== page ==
Romantism Subjects

During the Romantic Period there seemed to be revolution in the air. The

American Revolution and the French Revolution of 1789 had a great impact on
literature of the late 18th and early 19th centuries. This impact can be seen
throughout Romantic literature but especially in the area of new subjects.

Before the 19th century authors tended to write about the aristocratic class.

There was nothing written for or about the common people. There are three areas
in which the discussion will focus upon in the area of new subjects. The first
area will focus on the children, the second will be women, and the third will be
the new attitude towards God. The Romantic period strongly emphasized the lives
of children. Authors writing at that time did not just look at children playing
outside but within real life situations. Writing started to be explored in the
language of the common man. The topics presented by most of these writers
appealed to the general public. Today, the area of children within literary
works does not seem revolutionary. At this time, however, there were no writings
that reflected the everyday lives of children. The first important poem in the

Romantic period with regards to children is by William Blake, "The Chimney

Sweep." This poem focuses upon the tremendous abuse of children during this
time. This poem portrays visions of death throughout "were all of them
lock\'d up in coffins of black"(Norton 31). This quote catches the reader\'s
attention with a vision of death. These children talked of death very candidly
because they died young. The sweeper almost inevitably would have died before he
even knew how to live life. They worked in horrible labor conditions with no
sign of relief because there were no labor laws. These children mainly died from
consumption of the fumes within the shaft or by an accident. "We are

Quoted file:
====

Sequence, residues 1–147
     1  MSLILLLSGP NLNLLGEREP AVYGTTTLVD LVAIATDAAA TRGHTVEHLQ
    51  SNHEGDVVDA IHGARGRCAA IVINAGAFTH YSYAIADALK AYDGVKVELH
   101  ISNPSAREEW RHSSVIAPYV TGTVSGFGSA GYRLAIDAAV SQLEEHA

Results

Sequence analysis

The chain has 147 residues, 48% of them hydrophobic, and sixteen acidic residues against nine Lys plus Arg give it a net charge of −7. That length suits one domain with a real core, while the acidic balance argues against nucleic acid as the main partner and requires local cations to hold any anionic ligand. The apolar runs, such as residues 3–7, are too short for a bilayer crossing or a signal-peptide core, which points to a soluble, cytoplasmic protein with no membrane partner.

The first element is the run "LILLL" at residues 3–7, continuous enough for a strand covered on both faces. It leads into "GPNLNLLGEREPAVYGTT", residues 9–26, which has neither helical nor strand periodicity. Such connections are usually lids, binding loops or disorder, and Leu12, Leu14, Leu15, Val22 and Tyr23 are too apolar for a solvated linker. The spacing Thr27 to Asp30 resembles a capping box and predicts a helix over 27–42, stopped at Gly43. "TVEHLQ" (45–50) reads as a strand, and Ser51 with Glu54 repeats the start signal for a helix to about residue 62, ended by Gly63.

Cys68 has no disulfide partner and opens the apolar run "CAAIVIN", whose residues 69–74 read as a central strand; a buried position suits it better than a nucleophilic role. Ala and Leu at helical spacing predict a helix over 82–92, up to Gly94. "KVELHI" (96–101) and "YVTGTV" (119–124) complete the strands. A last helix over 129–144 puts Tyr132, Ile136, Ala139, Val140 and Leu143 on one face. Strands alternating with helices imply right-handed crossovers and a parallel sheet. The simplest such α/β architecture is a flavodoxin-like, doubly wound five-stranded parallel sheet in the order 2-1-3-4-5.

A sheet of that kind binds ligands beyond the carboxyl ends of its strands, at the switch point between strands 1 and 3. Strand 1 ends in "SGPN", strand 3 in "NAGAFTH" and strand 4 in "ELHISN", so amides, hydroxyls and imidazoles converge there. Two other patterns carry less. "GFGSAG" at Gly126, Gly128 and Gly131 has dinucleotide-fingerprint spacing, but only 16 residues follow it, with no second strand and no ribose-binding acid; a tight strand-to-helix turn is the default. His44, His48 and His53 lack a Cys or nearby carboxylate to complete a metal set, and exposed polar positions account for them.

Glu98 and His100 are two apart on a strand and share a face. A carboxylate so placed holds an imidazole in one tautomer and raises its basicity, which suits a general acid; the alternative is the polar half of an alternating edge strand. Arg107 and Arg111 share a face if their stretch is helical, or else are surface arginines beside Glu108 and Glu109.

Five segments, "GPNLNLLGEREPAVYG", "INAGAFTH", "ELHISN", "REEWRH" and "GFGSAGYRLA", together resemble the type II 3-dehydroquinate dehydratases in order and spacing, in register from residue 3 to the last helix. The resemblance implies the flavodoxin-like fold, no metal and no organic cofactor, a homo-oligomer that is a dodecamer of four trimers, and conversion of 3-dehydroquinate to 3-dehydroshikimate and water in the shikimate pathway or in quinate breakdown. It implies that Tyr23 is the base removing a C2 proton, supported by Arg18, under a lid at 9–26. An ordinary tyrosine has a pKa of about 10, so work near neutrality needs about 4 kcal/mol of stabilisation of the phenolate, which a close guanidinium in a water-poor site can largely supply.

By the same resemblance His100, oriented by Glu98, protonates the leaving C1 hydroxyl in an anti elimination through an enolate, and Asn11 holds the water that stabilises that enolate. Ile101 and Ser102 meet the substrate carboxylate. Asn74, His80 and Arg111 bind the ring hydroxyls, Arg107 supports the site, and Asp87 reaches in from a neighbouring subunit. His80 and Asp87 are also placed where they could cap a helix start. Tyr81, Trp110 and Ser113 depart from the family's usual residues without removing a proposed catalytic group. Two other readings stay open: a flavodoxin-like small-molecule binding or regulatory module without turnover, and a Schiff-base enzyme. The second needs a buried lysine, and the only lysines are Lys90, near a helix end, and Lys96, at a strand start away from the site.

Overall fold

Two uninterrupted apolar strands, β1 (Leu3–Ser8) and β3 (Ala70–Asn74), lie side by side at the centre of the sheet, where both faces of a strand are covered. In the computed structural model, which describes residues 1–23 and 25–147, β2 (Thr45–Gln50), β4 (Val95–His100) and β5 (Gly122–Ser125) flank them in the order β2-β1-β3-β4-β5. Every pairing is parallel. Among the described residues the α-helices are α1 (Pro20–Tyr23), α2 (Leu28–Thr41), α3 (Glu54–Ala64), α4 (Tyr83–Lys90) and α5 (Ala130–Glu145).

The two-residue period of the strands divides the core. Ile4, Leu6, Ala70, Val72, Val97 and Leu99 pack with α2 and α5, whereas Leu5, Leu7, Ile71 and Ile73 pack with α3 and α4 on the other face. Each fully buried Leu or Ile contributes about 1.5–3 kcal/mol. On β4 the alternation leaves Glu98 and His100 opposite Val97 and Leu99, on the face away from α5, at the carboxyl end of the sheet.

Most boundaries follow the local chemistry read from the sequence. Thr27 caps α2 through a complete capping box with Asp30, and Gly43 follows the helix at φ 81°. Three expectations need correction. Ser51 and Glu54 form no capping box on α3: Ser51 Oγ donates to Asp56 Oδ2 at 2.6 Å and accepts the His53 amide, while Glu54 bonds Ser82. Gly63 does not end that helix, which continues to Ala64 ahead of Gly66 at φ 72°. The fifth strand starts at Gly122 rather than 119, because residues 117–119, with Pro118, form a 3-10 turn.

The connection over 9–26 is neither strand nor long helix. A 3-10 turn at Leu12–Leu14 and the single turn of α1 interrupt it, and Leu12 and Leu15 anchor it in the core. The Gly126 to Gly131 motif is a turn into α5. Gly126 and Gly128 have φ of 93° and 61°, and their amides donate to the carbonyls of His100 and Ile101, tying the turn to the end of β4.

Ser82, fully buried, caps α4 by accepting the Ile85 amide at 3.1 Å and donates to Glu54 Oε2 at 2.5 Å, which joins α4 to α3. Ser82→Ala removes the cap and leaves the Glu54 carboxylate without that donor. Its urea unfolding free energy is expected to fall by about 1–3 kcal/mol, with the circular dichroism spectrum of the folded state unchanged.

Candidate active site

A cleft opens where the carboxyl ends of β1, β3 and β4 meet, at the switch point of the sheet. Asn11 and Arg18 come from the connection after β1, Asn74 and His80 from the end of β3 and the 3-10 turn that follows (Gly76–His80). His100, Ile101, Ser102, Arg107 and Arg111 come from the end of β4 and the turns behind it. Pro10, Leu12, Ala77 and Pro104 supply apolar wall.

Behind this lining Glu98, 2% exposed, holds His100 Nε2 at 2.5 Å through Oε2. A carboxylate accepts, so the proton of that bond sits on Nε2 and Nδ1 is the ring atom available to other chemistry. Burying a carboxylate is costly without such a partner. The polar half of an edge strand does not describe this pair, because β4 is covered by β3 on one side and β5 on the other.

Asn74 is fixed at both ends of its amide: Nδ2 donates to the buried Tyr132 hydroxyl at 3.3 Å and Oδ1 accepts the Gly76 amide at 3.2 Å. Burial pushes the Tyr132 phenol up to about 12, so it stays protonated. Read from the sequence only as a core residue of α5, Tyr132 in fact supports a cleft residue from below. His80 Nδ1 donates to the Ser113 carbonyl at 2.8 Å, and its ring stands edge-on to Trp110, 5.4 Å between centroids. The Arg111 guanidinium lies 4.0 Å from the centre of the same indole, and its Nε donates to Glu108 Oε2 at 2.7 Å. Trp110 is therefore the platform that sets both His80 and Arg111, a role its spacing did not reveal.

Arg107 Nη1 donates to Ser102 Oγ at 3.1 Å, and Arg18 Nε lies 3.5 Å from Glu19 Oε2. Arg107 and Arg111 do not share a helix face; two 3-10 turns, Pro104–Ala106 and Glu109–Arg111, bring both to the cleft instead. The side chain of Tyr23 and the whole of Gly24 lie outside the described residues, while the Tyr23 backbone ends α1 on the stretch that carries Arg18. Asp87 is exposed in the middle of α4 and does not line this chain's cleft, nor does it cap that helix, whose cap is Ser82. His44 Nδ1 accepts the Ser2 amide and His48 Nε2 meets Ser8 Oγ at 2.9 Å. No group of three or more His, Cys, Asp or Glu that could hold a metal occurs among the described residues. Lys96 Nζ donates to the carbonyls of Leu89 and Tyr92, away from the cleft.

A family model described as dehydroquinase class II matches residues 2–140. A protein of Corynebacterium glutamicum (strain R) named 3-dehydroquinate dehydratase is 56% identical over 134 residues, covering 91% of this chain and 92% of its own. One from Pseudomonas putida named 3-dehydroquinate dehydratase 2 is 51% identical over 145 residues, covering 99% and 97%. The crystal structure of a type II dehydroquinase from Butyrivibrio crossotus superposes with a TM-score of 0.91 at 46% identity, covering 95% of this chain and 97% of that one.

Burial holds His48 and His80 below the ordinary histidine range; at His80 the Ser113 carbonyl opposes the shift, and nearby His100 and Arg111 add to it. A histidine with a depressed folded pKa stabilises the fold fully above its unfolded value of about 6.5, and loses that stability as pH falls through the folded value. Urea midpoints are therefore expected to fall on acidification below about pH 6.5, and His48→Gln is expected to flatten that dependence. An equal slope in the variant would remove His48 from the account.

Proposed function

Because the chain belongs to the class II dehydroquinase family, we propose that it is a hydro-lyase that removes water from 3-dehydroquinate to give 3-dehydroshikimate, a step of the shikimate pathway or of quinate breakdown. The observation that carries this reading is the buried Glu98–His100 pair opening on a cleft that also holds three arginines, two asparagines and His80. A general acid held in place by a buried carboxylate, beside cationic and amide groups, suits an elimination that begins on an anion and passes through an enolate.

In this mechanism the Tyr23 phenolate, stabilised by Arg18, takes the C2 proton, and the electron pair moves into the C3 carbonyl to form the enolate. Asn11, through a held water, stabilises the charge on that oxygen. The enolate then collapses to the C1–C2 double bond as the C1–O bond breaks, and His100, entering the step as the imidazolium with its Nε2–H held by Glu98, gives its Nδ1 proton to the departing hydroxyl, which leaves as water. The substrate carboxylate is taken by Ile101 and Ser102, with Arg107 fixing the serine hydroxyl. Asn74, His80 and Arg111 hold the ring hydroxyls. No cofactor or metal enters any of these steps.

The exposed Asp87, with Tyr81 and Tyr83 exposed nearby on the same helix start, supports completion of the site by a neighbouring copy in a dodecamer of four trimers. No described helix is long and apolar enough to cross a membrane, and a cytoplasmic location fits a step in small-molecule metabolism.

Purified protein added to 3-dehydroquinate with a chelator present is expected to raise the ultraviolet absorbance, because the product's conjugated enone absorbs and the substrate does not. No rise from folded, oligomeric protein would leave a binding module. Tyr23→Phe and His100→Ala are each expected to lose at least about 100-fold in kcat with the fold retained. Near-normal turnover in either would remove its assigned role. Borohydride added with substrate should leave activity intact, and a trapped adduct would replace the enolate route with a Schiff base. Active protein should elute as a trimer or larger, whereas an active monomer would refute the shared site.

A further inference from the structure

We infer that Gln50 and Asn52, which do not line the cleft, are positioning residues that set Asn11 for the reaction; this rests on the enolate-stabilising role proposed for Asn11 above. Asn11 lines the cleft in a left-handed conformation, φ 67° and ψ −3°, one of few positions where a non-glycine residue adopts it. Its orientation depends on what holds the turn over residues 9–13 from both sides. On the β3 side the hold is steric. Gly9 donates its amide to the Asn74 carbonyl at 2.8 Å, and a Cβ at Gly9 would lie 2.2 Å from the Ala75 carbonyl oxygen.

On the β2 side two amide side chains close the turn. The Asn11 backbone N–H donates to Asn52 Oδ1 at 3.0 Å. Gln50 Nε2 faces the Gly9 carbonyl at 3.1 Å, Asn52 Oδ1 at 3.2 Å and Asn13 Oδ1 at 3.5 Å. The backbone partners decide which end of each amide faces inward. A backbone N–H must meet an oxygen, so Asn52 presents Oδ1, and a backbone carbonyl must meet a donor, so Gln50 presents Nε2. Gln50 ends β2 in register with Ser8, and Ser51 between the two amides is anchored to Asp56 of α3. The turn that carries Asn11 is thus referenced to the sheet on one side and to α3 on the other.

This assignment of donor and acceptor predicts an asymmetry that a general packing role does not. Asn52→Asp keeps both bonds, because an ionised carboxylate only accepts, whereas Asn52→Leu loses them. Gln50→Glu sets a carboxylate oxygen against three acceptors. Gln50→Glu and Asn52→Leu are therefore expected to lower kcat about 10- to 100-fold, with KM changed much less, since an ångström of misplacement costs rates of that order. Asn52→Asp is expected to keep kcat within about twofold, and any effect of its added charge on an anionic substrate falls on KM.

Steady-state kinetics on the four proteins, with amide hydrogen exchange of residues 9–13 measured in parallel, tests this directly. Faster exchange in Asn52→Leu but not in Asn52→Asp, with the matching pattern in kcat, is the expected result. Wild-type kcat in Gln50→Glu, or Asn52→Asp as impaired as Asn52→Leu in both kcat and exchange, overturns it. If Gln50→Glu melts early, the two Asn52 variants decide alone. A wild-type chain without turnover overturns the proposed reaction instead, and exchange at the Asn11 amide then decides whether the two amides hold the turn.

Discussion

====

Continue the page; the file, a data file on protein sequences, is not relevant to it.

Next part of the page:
Seven" by William Wordsworth refers frequently to children. This poem is
told from the perspective of a seven-year-old girl. A young girl as the center
of the poem would have been unheard of in earlier periods. The little girl has a
brother and a sister who have died. The girl shows the reader the presence of
another reality. The audience could not have understood this new reality we
before the entrance of a child\'s perspective. The child has seven people in the
family but two are dead. The little girl\'s reality is different than the
readers. She believes her family members are with her even though they are
really dead. These two poems impacted the populace to be aware of the
exploitation of children and their understandings of the world. Frankenstein
also addresses the concept of children in literature. Mary Shelly does it on
several occasions. The first reference to children in the book is when Victor\'s
brother is killed. Only in the Romantic Period do readers see the concept of
death of children. Also on another occasion within the novel the talk centers on
children migrating because of war. In earlier novels the role of children was
not predominant. Another area in which the Romantic writings were opened were
the writings on and by women. The most influential work would be Mary

Wolstonecraft\'s work The Vindication of The Rights of Woman. There are many
points that are brought to light within this work. Wolstonecraft calls for the
education of all people, including women. She does not want to educate women for
the amusement of men, but for intellectual stimuli. She tires to argue for
women\'s education in a subtle way. She argues for the education of women to be
for the betterment of the populace. Wolstonecraft tries to make the point that
the education of women would be in a good light. She argues that the education
of women would create stability within the home. Husbands and wives will be able
to hold a substantive conversation; they will "become the friend, and not
the humble dependant of her husband"(Norton 113). Wollstonecraft was able
to write in this way because she herself was educated. Her relationship with her
husband was one of a mutual affection not a necessity, and he was not threatened
by this. Women threatened other contemporary males during this time. As seen
here from a journal called Gentleman\'s Magazine in April 1799: In the general
confusion of ideas, religious, moral, and political, we are not surprised to
find claims set up for the female sex, unsupported we must say by prescription,
but we are justified in saying by reason. Mrs. R. avows herself of the school of

Wollstonecroft; and that is enough for all